Although largely forgotten to history, Alice Guy-Blaché was one of the very earliest pioneers in moving pictures, exploring and innovating from the late 1890s til the 1920s, when Wall Street and Trust capitalism squeezed her out of the art and business of filmmaking.
Pamela Green’s film resurrects her work and re-establishes her place in film history.
To this day, Alice Guy-Blaché is the only woman to have ever built her own film studio.
Although French, Alice Guy-Blaché was one of the pioneers of The Western genre. Hers were distinguished by the strong women who were featured in principle roles.
Although she had originally written The Fool and His Money for an inclusive cast, because the actors of European descent declined to participate, Alice Guy-Blaché became the first writer/director/producer of an all African American cast.
In this edition, recorded on May 16, 2018, we interview three of the producers of INVENTING TOMORROW, an inspiring documentary that features six passionate teenage scientists from Indonesia, Hawaii, India and Mexico, creating cutting-edge solutions to the world’s environmental threats-right in their own backyards. It follows them, as they eventually journey to compete at the Intel International Science and Engineering Fair in Los Angeles. It premiered at the Sundance Film Festival in 2018.
(L-R) Producer Diane Becker, director Laura Nix and producer Melanie Miller
Laura Nix is known for her films The Yes Men Are Revolting (2014) as well as The Yes Men Fix the World (2009), The Light In Her Eyes (2011) about Houda al-Habash, a conservative Muslim preacher, founded a Qur’an school for girls in Damascus, Syria when she was just 17 years old. Her work in film goes back to 1997.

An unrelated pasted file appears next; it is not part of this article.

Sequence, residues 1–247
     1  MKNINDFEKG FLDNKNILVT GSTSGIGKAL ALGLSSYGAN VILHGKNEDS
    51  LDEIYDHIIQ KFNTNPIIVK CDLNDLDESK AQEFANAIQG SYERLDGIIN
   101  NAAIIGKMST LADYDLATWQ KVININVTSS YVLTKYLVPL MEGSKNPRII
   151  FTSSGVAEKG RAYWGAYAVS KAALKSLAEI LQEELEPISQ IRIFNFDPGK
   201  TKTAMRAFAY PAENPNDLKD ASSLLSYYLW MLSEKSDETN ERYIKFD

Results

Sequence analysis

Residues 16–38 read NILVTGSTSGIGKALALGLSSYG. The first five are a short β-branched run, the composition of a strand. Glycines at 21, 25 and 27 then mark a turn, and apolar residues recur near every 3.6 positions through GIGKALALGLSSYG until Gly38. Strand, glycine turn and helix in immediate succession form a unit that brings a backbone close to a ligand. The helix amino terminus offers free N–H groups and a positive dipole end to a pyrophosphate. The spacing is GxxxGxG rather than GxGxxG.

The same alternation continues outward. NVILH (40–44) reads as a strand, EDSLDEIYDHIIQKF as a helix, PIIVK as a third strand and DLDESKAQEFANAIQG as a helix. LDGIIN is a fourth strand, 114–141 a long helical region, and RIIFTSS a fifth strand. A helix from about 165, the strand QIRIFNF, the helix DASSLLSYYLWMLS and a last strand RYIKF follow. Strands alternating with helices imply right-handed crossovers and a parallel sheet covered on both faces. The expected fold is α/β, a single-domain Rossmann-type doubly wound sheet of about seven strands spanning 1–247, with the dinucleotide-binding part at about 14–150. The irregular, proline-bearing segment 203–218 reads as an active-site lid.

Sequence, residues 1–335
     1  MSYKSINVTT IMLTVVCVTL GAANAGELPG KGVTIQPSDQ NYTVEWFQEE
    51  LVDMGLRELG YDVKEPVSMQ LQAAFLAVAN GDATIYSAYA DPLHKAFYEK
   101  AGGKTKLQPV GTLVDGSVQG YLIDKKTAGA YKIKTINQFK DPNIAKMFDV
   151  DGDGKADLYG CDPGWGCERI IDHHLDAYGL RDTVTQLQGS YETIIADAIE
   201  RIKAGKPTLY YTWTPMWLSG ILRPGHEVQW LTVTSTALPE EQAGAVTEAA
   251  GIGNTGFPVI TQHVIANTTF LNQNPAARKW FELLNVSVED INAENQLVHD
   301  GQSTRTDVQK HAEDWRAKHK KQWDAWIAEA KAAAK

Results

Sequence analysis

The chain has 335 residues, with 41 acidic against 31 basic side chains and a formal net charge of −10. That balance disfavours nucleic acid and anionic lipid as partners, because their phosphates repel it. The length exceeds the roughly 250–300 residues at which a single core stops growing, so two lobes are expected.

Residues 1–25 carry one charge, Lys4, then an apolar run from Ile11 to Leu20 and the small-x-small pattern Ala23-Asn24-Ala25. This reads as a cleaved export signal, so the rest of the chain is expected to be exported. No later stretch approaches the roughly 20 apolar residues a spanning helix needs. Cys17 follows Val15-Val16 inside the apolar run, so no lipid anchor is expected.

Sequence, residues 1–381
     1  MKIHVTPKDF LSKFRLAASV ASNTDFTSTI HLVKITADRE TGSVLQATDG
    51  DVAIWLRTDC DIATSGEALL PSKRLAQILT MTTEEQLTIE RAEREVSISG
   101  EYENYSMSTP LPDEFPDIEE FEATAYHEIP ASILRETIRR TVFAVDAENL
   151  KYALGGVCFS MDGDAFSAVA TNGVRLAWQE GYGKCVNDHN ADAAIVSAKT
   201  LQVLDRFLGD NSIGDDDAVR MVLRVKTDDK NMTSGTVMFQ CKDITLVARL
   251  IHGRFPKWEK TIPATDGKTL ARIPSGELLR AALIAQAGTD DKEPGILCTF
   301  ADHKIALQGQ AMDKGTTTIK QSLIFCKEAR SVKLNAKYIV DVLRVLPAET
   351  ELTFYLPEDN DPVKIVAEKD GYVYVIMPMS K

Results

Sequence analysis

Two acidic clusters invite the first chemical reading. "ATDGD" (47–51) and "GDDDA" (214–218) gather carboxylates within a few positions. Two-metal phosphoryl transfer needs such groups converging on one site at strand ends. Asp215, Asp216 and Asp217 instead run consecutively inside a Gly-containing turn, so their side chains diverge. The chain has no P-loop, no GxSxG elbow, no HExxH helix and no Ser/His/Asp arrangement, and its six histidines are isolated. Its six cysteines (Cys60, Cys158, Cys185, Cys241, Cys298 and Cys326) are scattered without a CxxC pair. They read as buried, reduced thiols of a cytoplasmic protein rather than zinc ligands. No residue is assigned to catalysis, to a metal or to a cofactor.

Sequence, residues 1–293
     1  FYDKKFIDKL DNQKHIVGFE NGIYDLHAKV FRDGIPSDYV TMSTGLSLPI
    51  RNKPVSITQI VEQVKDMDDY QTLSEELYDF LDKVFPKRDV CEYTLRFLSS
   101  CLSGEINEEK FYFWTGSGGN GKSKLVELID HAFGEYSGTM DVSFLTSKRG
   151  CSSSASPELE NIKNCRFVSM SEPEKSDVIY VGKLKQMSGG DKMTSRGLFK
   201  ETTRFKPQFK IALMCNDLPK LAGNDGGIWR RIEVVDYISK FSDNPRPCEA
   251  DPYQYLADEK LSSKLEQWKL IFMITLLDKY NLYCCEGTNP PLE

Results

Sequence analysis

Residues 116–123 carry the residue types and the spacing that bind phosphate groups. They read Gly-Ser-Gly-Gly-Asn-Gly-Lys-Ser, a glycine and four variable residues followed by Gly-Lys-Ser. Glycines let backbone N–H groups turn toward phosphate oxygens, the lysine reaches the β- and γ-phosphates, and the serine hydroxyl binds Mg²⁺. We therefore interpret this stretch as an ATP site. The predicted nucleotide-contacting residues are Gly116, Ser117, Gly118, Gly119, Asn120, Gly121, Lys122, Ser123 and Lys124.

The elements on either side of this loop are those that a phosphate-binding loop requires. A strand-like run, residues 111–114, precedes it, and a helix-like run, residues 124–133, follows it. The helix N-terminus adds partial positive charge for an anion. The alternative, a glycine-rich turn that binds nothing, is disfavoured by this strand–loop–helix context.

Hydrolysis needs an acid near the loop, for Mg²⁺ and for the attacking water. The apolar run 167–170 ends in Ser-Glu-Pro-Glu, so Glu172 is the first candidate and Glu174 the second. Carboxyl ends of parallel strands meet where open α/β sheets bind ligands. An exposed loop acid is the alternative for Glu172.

Melanie Miller is known for her work on Detour (2013), and Alaska Is a Drag (2017). Her film work goes all the way back to 2001 as associate producer on the Liars Club
Diane Becker has films going back to 2006, including Five Came Back(2017), Homegrown: The Counter-Terror Dilemma (2016), Legion of Brothers (2017), Jaco (2015) and many more.
(L-R) Melanie Miller, Laura Nix, Jose Manuel Elizade Esparanza, Fernando Miguel Sanchez Villalobos, Sahithi Pingali, Shofi Latifa Nuha Anfaresi, Jared Goodwin, Diane Becker, Jesus Alfonso Martinez Aranda
Project ENEV063T: Bangka’s Tin Sea Sand-Fe3O4 as a Removal of Heavy Metals in By-Product of Tin Ore Processing (above): Intan Utami Putri Shofi Latifa Nuha Anfaresi Banka, Indonesia
Project EAEV008 – An Innovative Crowdsourcing Approach to Monitoring Freshwater Bodies
above: Sahithi Pingali in Bangalore, India
Project EAEV018 – Arsenic Contamination through Tsunami Wave Movement in Hawaii: Investigating the Concentration of Heavy Metals in the Soil from the 1960 Hilo, Hawaii Tsunami
Jared Goodwin is from Hilo, Hawaii
Project CHEM059T: Photocatalytic Ceramic Paint to Purify Air
Fernando Miguel Sanchez Villalobos Jesus Alfonso Martinez Aranda Jose Manuel Elizade Esparaza above: in Monterrey, Mexico
When not producing films, Diane, Laura and Melanie can be found promoting science in other ways.
Following his detention by Chinese authorities, outspoken artist/activist Ai Weiwei transformed the former island penitentiary of Alcatraz into an artistic platform. The exhibition engaged 900,000 visitors about the plight of prisoners of conscience around the world.
Yours Truly, a piece in the exhibit, invited visitors to compose messages of hope on postcards to prisoners incarcerated or exiled due to their beliefs, affiliations, and nonviolent expressions of dissent. The film follows these postcards around the globe as director Cheryl Haines meets with former prisoners of conscience and their families to discuss their impossible choices and the comfort they found in messages sent by people they would never meet. The film explores Ai Weiwei’s inspiration for the project. Interviews with the artist, his mother, and lifelong friends uncover the touching story of a childhood spent in exile. Ultimately, the film is a call to action, extending the reach of Ai Weiwei’s art by asking viewers to take to heart the issue of global human rights. In Mandarin and English with English subtitles.